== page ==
European partnership targets ‘Zero Carbon Lithium’ extraction in Germany

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A view from the Upper Rhine Rift, Germany, where Vulcan Energy Resources is looking to set up its ‘Zero Carbon Lithium’ extraction. Image: Flickr user Michael Figiel, used under Creative Commons license 2.0.

A new project called ‘Zero Carbon Lithium’ is being established in Germany by a start-up lithium exploration company with the aim of establishing carbon neutral lithium production.

Europe’s largest lithium resource is in the Upper Rhine Rift part of Germany, spanning the two states of Baden-Wuertemberg and Rhineland-Palatinate. Start-up Vulcan Energy Resources limited has partnered with the European Institute of Innovation & Technology’s accelerator engine, EIT InnoEnergy on the ‘Zero Carbon Lithium’ project, committing to figuring out how to extract those resources without water intensive and carbon dioxide-emitting steps, using Vulcan’s proprietary techniques.

This involves pumping lithium-rich brine to the surface level, then extracting the lithium powered by renewable heat. Excess renewable energy can be fed back into the local grid and used elsewhere. EIT InnoEnergy will be supporting the project financially with direct investment, while also helping Vulcan raise further capital and helping in other ways such as connecting the start-up to key figures in the existing European battery supply chain.

The project aims to contribute to the European Battery Alliance’s mission to establish competitive and sustainable lithium-ion battery production in the continent. The European Commission has already committed billions of Euros into supporting the Battery Alliance.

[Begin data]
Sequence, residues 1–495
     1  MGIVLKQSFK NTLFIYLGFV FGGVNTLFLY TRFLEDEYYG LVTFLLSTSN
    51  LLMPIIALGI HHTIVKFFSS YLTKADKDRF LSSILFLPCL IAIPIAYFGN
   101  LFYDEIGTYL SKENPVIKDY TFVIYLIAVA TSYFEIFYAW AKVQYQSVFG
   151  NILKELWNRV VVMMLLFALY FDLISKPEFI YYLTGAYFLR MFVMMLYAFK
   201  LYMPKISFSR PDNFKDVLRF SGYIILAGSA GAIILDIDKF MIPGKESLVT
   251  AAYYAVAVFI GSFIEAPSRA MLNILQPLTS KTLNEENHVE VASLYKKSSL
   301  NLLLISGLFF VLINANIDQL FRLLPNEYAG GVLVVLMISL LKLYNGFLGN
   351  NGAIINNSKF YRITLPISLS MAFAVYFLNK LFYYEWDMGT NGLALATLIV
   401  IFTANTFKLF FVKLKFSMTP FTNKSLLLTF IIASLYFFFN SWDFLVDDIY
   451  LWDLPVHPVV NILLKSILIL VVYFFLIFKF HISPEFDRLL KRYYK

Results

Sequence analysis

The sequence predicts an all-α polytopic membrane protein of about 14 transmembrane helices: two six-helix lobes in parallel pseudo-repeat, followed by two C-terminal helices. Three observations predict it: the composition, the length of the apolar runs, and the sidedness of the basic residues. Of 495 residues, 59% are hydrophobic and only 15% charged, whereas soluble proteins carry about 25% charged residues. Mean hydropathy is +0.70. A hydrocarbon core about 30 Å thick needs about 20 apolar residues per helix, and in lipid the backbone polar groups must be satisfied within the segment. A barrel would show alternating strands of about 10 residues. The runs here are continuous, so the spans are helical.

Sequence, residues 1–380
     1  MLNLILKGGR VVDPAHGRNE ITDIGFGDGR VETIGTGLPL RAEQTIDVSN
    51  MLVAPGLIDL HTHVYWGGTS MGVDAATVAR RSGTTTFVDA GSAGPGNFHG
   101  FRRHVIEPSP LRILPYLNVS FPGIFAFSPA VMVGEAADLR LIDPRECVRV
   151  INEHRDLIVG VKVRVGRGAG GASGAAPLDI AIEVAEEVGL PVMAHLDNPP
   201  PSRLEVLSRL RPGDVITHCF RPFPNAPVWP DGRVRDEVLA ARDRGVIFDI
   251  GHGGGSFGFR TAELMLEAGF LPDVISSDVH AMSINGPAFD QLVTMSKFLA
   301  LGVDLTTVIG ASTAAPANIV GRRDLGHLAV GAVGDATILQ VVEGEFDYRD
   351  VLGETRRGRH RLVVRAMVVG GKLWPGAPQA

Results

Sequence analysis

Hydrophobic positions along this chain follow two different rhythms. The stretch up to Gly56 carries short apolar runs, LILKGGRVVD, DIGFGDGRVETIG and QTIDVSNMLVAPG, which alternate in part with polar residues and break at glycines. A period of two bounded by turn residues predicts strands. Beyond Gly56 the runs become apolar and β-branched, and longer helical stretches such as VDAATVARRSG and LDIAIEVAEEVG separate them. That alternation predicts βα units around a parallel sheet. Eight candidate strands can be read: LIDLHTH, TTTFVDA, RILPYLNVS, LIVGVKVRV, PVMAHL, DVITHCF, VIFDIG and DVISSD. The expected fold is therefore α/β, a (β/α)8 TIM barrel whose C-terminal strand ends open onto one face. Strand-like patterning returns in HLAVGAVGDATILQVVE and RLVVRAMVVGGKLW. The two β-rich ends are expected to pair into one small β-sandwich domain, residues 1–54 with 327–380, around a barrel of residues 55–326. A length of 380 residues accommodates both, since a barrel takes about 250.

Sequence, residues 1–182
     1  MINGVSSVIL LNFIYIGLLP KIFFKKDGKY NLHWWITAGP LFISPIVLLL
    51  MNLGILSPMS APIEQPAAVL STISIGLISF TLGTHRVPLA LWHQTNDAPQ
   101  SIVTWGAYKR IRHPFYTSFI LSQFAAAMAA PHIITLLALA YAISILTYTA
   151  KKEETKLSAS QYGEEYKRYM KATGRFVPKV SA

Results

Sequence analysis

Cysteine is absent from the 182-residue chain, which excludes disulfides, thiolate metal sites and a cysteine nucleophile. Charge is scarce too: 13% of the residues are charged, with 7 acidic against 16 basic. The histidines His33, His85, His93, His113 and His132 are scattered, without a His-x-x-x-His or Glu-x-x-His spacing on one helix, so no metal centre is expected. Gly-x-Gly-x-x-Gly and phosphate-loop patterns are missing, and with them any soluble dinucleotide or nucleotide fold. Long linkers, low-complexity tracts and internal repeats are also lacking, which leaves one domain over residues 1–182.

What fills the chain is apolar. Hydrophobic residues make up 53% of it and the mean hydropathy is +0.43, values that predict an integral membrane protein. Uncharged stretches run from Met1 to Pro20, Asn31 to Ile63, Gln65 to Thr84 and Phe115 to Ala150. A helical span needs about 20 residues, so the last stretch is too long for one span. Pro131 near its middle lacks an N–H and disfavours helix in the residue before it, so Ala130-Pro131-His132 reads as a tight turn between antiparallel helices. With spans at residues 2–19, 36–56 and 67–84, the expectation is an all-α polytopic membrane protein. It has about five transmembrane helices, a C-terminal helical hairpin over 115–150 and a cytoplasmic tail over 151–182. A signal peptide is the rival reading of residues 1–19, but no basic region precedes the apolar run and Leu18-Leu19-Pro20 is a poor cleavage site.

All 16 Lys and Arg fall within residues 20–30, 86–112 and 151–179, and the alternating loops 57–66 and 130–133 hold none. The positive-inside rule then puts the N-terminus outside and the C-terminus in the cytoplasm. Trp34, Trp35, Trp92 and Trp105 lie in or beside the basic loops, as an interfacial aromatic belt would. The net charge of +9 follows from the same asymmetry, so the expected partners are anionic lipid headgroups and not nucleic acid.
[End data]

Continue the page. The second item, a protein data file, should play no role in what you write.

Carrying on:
“The CO2-neutral development of our own lithium deposits is a crucial building block for a sustainable and strong European battery industry and will bring us significantly closer to meeting our 2030 climate goals,” EIT InnoEnergy Germany’s CEO, Christian Müller, said.

“Not only does the Upper Rhine region contain one of the largest lithium reservoirs globally, it is also within a few hours reach to many of the world’s leading auto manufacturers, and many other industrial players, all of whom have a hugely growing demand for emission-free lithium,” Vulcan Energy Resources co-founder Horst Kreuter said.

Several large-scale battery cell and system gigafactory projects are already underway in Europe, with perhaps the most prominent from a start-up company so far being Northvolt’s plan to put a factory in Sweden and another in Germany. Northvolt has already committed to being the ‘greenest’ battery producer in the world, sourcing the energy to power its factories from renewable energy.

Elsewhere in the world, Energy-Storage.news reported recently on a California project to extract lithium from geothermal brine at a new power plant under development, with state authority the California Energy Commission looking to establish a “Lithium Valley”. 

While better for the environment than fossil fuel alternatives, some sustainability issues within the global lithium-ion battery supply chain leave questions unanswered, Matt Allen of UK-based project developer-investor Pivot Power said at the Energy Storage Digital Series online conference earlier this year.

In related news, VARTA broke ground yesterday on a lithium-ion battery factory expansion supported by regional and national governments in Germany. Receiving financial assistance as a strategically important industry project for Germany and Europe, the new building at VARTA’s production site in Nördlingen will manufacture “the latest generation of lithium-ion cells…on highly automated production lines” from 2021. The cells will initially be used in small-format lithium batteries with high energy density but the company expects to scale that up into larger format devices and systems later on.

A total of €300 million (US$347.42 million) in financial support included €32 million from the Federal State of Bavaria for R&D into lithium-ion technology, Energy-Storage.news reported in June as the funding was announced, with the German government declaring it an ‘important project of common European interest’ (IPCEI). A celebration of the laying of the foundation stone had been delayed due to the coronavirus pandemic. It took place on Monday, attended by Bavaria’s Minister-President Markus Söder.

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